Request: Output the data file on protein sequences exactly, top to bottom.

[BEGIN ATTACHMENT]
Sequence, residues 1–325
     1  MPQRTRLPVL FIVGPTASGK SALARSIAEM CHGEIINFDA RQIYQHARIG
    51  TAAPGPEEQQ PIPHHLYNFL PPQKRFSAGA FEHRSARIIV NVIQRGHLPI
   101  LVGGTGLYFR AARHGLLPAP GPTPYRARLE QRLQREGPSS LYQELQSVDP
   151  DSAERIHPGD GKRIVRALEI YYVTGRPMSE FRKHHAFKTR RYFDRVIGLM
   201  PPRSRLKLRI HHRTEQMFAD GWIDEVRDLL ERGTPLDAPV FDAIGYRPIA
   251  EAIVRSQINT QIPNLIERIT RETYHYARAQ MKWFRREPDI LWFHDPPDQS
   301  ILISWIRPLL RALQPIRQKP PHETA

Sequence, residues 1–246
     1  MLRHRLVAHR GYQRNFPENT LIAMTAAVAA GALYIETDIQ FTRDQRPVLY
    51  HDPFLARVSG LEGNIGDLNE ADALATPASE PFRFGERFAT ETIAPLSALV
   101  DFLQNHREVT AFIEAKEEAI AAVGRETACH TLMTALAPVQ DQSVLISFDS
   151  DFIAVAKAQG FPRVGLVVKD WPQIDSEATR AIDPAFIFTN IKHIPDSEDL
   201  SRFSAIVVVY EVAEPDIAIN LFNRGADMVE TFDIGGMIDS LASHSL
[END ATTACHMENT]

Sequence, residues 1–325
     1  MPQRTRLPVL FIVGPTASGK SALARSIAEM CHGEIINFDA RQIYQHARIG
    51  TAAPGPEEQQ PIPHHLYNFL PPQKRFSAGA FEHRSARIIV NVIQRGHLPI
   101  LVGGTGLYFR AARHGLLPAP GPTPYRARLE QRLQREGPSS LYQELQSVDP
   151  DSAERIHPGD GKRIVRALEI YYVTGRPMSE FRKHHAFKTR RYFDRVIGLM
   201  PPRSRLKLRI HHRTEQMFAD GWIDEVRDLL ERGTPLDAPV FDAIGYRPIA
   251  EAIVRSQINT QIPNLIERIT RETYHYARAQ MKWFRREPDI LWFHDPPDQS
   301  ILISWIRPLL RALQPIRQKP PHETA

Sequence, residues 1–246
     1  MLRHRLVAHR GYQRNFPENT LIAMTAAVAA GALYIETDIQ FTRDQRPVLY
    51  HDPFLARVSG LEGNIGDLNE ADALATPASE PFRFGERFAT ETIAPLSALV
   101  DFLQNHREVT AFIEAKEEAI AAVGRETACH TLMTALAPVQ DQSVLISFDS
   151  DFIAVAKAQG FPRVGLVVKD WPQIDSEATR AIDPAFIFTN IKHIPDSEDL
   201  SRFSAIVVVY EVAEPDIAIN LFNRGADMVE TFDIGGMIDS LASHSL